By Moira Warburton
VANCOUVER (Reuters) – Lightning strikes in western Canada in the past two days increased tenfold compared to the same time last year, triggered in part by an unprecedented heat wave, forecasters said, warning of more strikes over the past two days. Over the weekend they could increase fanning wildfires fanned by high winds.
More than 710,000 lightning strikes were recorded in British Columbia and western Alberta between 3 p.m. Wednesday and 6 a.m. Thursday, up from an average of 8,300 for the same period over the past five years, said Chris Vagasky, a Vaisala meteorologist, a global environmental agency. measurement company that collects the data.
The Pacific province of British Columbia has been reeling from the grip of an unprecedented heat wave, which has so far caused 719 confirmed deaths, triple what would normally occur in the same time frame, the chief coroner of the province.
During the heat wave, the city of Lytton broke Canada’s 80+ year heat record with a temperature of 49.6 ° C (121.28 ° F). A wildfire that started Wednesday tore Lytton to the ground, causing two deaths. The cause of the fire was under investigation.
British Columbia typically accounts for about 5% of Canada’s total electric shocks each year, but has reported its annual number in less than 48 hours, Vagasky said.
The figure is comparable to “what you would normally see on some of the biggest lightning days in really lightning-prone regions of the United States, like Texas or Oklahoma,” Vagasky said, and it’s unheard of for a region like British Columbia. .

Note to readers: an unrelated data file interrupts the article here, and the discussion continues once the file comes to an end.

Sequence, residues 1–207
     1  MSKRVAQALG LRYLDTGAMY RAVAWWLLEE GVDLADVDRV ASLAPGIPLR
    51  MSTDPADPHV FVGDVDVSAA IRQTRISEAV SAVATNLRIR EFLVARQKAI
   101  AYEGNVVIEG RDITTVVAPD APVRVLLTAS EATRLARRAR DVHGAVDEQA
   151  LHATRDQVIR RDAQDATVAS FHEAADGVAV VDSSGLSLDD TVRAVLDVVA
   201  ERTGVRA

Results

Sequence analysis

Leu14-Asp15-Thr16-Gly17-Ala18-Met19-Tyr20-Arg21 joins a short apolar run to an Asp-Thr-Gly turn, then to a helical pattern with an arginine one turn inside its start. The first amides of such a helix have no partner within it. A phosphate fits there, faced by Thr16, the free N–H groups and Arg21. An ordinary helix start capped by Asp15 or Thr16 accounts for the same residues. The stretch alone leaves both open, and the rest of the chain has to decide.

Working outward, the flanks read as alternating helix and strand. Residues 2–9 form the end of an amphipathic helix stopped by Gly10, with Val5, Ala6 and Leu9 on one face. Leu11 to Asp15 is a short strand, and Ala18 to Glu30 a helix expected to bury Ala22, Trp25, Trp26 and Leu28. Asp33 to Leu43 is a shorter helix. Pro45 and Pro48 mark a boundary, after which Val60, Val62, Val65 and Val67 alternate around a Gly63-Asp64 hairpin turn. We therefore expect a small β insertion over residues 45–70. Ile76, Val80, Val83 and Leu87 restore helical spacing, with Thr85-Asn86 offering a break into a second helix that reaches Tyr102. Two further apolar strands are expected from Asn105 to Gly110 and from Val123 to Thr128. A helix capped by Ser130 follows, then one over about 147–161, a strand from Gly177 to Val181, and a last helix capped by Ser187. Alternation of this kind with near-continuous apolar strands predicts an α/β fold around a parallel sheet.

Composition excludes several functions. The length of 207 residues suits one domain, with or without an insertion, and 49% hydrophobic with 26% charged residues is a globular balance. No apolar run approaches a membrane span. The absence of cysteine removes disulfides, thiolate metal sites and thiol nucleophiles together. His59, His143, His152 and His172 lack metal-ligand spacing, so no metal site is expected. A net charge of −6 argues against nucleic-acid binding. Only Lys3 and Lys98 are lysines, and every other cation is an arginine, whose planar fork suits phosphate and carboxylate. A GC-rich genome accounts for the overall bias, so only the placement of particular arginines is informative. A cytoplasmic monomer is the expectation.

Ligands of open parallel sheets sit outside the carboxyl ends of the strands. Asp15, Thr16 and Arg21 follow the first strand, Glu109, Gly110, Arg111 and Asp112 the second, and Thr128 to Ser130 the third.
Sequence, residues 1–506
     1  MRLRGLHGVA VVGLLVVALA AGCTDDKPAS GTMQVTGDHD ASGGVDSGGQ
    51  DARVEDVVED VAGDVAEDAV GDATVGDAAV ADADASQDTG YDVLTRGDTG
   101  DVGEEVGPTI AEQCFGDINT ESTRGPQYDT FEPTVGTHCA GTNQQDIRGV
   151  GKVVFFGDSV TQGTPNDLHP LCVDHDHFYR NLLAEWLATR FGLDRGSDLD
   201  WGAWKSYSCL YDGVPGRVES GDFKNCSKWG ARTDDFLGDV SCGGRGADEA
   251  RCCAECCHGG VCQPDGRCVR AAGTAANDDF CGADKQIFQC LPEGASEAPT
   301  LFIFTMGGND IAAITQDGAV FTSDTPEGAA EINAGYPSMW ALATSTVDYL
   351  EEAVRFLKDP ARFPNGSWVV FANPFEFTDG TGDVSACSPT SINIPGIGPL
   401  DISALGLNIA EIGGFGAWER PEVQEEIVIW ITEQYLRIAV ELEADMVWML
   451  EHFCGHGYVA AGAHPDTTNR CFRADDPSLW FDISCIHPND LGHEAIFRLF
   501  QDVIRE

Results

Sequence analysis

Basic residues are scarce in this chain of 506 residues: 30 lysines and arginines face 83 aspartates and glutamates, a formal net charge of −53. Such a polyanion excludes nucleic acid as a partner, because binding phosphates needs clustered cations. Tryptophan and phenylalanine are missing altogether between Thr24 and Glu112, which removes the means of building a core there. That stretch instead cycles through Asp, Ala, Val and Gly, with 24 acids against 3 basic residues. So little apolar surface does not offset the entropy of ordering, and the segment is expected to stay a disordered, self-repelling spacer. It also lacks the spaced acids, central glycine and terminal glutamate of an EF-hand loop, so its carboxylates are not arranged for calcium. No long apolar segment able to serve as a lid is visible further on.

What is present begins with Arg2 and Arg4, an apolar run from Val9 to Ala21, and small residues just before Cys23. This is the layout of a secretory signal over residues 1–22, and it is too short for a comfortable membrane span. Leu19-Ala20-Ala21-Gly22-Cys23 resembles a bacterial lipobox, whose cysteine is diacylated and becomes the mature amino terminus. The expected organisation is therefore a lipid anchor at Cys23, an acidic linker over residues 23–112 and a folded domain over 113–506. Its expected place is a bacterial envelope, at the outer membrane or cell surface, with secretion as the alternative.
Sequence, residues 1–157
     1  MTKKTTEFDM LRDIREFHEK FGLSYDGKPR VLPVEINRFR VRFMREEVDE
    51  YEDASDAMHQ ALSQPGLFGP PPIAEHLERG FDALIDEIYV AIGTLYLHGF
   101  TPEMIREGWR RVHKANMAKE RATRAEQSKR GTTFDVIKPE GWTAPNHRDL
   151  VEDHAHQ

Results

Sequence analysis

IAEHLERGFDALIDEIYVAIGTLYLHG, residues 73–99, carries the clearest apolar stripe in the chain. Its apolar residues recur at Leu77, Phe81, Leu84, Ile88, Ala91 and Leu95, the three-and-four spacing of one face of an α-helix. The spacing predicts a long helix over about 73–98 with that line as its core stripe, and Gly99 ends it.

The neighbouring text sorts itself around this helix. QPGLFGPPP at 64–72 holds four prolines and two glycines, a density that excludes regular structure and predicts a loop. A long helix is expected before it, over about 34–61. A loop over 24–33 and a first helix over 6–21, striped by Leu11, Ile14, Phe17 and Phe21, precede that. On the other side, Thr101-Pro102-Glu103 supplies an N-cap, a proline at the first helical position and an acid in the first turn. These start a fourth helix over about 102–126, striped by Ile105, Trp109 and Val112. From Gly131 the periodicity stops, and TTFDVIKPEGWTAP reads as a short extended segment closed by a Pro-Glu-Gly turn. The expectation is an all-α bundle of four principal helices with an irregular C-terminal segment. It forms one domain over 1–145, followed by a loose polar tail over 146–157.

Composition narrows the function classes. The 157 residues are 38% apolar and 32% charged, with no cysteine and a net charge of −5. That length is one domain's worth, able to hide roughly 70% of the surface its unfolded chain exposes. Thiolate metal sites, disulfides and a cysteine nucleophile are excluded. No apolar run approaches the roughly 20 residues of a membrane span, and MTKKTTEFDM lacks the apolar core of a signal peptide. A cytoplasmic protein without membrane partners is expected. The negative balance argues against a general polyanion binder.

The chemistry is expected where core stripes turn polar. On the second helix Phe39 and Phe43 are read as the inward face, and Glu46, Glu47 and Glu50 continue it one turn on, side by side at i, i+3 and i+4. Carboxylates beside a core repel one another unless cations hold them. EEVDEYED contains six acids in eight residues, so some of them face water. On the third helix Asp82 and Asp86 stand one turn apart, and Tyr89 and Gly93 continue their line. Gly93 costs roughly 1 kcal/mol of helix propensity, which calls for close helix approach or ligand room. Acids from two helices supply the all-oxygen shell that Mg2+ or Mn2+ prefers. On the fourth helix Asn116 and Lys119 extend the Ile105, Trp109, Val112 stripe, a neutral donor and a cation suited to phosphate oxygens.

The large amount of lightning was caused in part by the heat wave, which created high levels of humidity in the atmosphere in the form of melting snow and evaporation of water from vegetation, said Jonathan Bau, a meteorologist at Environment and Climate Change Canada.
The humidity fueled the unusually fierce storms.
“We are not in the middle of the summer where everything has dried up,” Bau said, adding that more lightning was forecast for the weekend.
The attacks caused several wildfires in central British Columbia, with 136 fires burning as of Friday afternoon, BC officials said in a briefing.
The fires are expected to burn 100,000 hectares (247,105 acres) by the end of the weekend, authorities said, a figure significantly higher than at this point in previous years: BC doesn’t typically see its wildfire season increase until the end of July.
More than 1,300 homes have been ordered evacuated and it is not known how many people are missing. The Red Cross has a phone line for family reunification, authorities said.
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